On most days my concerns include which way the day’s attending physician likes to tape the endotracheal tube, what the newest nutrition room code is, and how I am going to safely get a “typical” UCLA patient with an ejection fraction of 10%, diabetes, liver disease, and peripheral vascular disease, on continuous renal replacement therapy through the day’s surgical procedure.
As I sat through the ASA’s recent Practice Management Conference in Dallas, Texas, I was initially overwhelmed by how much I don’t know about practice management in anesthesia. As a CA2 at UCLA with a father who is a physician anesthesiologist in private practice, I thought I had an understanding of what my future practice entailed. By the end of the conference it was clear that there is a lot to learn.
Howard Greenfield MD of Enhance Perioperative & Anesthesia Consulting commented on the traditional message of the three ‘A’s’ to bring to an anesthesia group “ability, availability, and affability.” This echoed much of my dad’s earlier counsel to me as I entered the specialty. The overwhelming message from the conference was clear: this is no longer enough. Physician anesthesiologists must demonstrate value beyond our intraoperative presence and provide data to support that our actions have an impact on perioperative morbidity and mortality.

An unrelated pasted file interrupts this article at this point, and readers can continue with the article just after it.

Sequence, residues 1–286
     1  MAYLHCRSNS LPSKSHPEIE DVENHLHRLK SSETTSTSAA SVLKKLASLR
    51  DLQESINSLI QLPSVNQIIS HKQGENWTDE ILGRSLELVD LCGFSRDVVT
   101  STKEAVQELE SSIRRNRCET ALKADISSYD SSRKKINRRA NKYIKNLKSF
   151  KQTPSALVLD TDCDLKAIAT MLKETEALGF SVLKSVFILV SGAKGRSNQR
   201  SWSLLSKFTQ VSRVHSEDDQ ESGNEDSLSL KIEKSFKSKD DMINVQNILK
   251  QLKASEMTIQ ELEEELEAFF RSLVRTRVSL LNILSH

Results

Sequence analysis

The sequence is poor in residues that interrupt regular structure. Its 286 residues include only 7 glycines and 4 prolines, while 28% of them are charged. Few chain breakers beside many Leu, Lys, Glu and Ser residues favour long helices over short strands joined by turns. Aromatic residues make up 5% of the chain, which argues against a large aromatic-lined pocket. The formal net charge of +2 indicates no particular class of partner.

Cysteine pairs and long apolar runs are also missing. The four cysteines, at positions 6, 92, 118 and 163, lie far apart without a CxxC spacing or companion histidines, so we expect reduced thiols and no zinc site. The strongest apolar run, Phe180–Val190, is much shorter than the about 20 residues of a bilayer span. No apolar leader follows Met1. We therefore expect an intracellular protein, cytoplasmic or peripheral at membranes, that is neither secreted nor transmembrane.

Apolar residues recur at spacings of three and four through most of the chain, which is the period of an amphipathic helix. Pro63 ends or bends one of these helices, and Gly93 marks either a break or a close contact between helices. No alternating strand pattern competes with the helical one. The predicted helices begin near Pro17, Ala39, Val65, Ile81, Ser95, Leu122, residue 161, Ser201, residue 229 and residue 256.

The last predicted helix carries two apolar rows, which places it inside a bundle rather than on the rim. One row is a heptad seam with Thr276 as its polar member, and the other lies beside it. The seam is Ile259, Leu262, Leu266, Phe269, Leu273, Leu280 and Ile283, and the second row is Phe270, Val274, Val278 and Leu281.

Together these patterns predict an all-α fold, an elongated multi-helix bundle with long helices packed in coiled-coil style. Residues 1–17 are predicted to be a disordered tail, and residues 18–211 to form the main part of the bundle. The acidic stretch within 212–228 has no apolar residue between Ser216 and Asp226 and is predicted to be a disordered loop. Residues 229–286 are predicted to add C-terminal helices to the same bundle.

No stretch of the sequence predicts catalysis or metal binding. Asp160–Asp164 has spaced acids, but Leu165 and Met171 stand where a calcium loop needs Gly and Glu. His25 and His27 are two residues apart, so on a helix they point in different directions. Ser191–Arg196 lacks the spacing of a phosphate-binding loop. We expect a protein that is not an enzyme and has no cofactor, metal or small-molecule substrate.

I wondered whether my father’s mode of practice, (all physician, personally provided) would become antiquated. Both ASA President Jane Fitch MD’s opening comments and ASA Staff’s legislative update stated clearly: change is coming. As a profession, we need to be on the front lines positioning our groups to respond appropriately to changes. If we don’t, we likely will find ourselves in a reactionary situation that is suboptimal for our patients and ourselves.
Zeev Kain MD of UC Irvine described a two-pronged view of the transitions happening in health care: insurance changes and delivery system reform. The overall shift appears to be a movement away from payment-for-time to payment-for-quality. This is not to say fee-for-service is disappearing, but that steeply discounted payments and penalties for not demonstrating quality are here to stay. Stan Stead MD, ASA’s Vice President for Professional Affairs, noted, “You won’t be rewarded for better quality, but you’ll be penalized for less quality.” Dr. Richard Dutton MD chair of the Anesthesia Quality Institute, reminded us “what isn’t measured can’t be improved” and if we “control the data, we control the future.” In light of these transitions, the conference sought to answer CEO of EmCare Michael Hicks MD’s question, “What value do you bring and how do you make money doing that?” His answer: “Focus on the work, not the worker.”
The Perioperative Surgical Home (PSH) model is an example that focuses on achieving an integrated surgical experience to improve patient satisfaction and outcomes, as well as reduce costs and inefficiencies. The PM Conference speakers believe that physician anesthesiologists are the natural leaders to facilitate and guide the PSH process. Much of the shift to the PSH is likely to be led by large academic centers. Resident involvement in and understanding of the PSH model will be crucial as we enter private practice groups that are making these transitions. As residents, we must ask ourselves, are our programs properly preparing us to be part of a PSH-type team? Are we getting enough training in managing the anesthesia care team, care coordination with other specialties and across disciplines within medicine, nursing, and outpatient care? Do we have the statistical and data presentation skills to be effective advocates for our patients?